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Thursday, April 19, 2018

India vs South Africa 2nd Test: Brown may not be the colour of reassurance for Indians

Colours can be deceptive, and brown isn’t the colour code for runs. At some grounds it also means wickets, broken ribs and fractured fingers.

Written by Sandeep Dwivedi | Centurion | Updated: January 11, 2018 9:32:14 am
Three days before the Test, the Centurion pitch looked more brown that green.

Just below the Cow Corner bar, positioned perfectly for T20 cricket’s famous leg-side slog, the lawnmower is trimming the grass bank. A couple of groundsmen are squatted a few metres inside the boundary fence pulling out the weeds. The pitch, too, is getting a shave. Centurion is getting ready for the second Test, and it isn’t quite following the current trend by wearing green.

From a distance, the second tier of the stadium to be specific, in the dark green very grassy circle hemmed by layers of white bucket seats, the 22 yards stand out for their very earthy shade of brown. Colours can be deceptive, and brown isn’t the colour code for runs. At some grounds it also means wickets, broken ribs and fractured fingers. Like Newlands is famous for its ‘seam movement’, at Centurion, they do ‘bounce’ like no one.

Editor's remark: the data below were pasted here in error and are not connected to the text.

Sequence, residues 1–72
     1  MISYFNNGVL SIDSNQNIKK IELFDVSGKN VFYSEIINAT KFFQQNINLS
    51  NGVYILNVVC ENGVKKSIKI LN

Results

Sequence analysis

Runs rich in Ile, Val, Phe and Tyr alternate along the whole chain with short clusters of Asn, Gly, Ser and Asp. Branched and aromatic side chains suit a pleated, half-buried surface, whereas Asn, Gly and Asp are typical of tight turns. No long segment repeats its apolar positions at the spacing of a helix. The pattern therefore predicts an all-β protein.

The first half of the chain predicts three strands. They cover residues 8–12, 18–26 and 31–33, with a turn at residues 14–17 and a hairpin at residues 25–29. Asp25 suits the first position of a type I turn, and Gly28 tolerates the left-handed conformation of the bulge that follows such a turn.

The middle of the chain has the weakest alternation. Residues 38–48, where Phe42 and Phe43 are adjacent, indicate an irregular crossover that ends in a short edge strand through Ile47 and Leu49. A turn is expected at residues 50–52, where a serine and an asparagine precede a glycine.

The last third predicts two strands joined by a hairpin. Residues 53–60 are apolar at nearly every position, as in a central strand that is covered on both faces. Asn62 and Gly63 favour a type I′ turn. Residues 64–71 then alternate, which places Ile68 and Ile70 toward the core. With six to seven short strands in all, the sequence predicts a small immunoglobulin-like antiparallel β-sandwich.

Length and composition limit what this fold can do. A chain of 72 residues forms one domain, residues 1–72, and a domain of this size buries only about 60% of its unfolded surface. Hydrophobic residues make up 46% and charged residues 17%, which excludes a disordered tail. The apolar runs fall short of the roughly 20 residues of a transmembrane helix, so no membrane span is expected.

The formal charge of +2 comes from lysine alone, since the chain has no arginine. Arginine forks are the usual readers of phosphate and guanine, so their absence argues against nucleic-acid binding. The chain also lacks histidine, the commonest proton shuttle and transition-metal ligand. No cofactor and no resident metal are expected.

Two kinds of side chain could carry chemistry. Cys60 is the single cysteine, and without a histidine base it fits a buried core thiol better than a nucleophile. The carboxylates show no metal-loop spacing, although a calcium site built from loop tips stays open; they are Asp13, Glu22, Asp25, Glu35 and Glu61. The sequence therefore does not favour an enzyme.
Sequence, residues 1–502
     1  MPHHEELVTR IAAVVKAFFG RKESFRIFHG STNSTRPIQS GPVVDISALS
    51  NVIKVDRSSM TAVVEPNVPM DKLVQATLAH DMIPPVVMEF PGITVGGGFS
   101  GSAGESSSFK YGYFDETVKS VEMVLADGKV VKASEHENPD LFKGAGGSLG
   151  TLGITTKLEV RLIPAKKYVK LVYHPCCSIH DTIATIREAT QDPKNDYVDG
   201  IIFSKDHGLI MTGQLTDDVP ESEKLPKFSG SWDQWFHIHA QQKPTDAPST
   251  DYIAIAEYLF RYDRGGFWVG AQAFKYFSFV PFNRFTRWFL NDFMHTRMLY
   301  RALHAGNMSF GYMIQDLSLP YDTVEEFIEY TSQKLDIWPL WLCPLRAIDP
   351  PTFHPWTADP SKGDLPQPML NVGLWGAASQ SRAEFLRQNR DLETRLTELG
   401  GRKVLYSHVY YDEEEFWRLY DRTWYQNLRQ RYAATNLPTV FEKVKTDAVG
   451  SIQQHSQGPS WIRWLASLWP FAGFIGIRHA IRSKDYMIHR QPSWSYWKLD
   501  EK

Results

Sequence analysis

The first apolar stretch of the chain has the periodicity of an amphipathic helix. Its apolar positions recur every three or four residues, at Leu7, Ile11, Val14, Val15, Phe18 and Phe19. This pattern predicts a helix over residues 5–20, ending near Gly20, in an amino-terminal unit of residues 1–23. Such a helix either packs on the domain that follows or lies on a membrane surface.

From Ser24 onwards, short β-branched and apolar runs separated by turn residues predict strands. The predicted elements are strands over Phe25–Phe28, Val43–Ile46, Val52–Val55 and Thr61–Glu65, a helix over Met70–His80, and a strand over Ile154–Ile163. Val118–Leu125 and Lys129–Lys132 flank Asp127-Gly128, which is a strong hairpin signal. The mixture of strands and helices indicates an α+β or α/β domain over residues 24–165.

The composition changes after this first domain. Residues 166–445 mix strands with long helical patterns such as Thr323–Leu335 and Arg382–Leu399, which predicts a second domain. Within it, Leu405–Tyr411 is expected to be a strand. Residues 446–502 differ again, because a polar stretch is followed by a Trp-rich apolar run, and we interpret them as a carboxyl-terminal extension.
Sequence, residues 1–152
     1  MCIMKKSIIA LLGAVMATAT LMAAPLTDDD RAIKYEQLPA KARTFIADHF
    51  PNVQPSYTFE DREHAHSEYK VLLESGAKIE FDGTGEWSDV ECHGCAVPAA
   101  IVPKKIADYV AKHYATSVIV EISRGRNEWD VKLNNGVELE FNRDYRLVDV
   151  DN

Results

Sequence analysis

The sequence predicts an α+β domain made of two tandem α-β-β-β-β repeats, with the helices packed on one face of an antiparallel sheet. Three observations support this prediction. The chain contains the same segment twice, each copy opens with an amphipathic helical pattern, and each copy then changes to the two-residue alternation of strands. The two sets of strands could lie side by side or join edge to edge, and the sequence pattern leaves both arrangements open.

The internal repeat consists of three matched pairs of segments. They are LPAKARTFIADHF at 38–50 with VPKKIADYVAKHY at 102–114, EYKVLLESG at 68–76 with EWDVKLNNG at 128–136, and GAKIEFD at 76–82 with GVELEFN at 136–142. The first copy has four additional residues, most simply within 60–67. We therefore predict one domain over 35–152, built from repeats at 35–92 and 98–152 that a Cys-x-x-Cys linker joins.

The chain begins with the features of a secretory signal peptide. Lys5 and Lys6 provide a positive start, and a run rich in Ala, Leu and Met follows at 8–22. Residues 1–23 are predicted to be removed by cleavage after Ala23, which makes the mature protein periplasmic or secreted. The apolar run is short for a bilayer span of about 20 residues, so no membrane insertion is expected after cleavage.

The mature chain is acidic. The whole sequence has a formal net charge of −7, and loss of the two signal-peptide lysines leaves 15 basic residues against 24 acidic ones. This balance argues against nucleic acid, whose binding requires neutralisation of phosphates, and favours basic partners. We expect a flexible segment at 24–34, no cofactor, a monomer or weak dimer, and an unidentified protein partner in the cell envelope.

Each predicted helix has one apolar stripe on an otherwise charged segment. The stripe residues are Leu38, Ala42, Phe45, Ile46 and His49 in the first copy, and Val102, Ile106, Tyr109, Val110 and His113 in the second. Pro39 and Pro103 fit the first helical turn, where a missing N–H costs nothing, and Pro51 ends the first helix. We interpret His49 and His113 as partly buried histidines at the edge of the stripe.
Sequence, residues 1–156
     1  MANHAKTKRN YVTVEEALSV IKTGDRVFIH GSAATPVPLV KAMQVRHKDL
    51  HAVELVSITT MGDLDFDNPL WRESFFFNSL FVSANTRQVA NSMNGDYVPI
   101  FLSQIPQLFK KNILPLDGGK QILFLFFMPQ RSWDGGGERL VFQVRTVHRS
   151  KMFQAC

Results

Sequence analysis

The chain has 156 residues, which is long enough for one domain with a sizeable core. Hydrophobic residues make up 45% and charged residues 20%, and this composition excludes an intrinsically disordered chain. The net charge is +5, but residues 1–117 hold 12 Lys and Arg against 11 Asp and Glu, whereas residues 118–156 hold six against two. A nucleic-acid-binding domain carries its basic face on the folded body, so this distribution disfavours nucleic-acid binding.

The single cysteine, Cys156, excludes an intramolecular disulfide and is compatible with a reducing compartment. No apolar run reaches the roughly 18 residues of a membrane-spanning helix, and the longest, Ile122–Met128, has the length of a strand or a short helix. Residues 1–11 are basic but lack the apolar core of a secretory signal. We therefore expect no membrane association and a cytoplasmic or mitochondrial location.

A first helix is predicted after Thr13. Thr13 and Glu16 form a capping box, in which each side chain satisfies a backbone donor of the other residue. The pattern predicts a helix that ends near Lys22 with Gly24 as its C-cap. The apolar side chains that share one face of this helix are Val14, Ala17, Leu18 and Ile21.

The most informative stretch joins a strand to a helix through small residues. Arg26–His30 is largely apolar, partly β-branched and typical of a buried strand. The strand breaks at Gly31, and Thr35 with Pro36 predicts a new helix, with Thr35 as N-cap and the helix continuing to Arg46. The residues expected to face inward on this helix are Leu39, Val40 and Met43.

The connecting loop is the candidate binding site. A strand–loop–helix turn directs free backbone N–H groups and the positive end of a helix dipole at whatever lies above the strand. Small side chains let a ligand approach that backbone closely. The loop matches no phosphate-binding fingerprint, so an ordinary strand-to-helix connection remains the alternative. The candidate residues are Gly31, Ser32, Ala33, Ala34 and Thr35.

The ground staff is busy, they have a job at hand. The three-day first Test, despite the home team’s famous win, has put pressure on them. Tegobo is working next to the Test pitch, he has his hand deep inside a tap hole. “We don’t want a three-day Test again,” he says.

The ground staff concedes that the pitch is historically known more for bounce, less for lateral movement. “But it will be 50-50, a bit of bounce and a bit of seam movement,” he says. Later in the match, the pitch can have inconsistent bounce with cracks expected to appear. Newlands was far more consistent when it came to jump off the pitch.

While Newlands suited home boy Vernon Philander, Centurion’s bounce will be to the liking of local pacer Morne Morkel. While playing for the Titans — the star-studded champion side that also has AB de Villiers and Faf du Plessis — the 6’ 5” Morkel has been more than a handful for batsmen on South Africa’s domestic circuit.

For the Indians, meanwhile, the Cape Town-to-Centurion switch will be like going from a frying pan to the fire. India’s weakness against the short ball is well documented, with Shikhar Dhawan falling twice to the rising ball at Newlands and skipper Virat Kohli getting beaten by Morkel’s bounce in the first innings. Though, there is also a school of thought that Indians are more comfortable on pitches with bounce than on those which also have consistent seam movement.

Pressure is another factor that India will have to deal with at a venue that resembles an oval amphitheatre. Centurion is a deep bowl with sliding grass banks and a long climb down for the batsmen from the dressing room. With pacers making the ball climb and the crowd staring down, it can be intimidating. A batsman can feel like an on-the-edge motorcyclist in the well of death with excited faces staring down from the brim.

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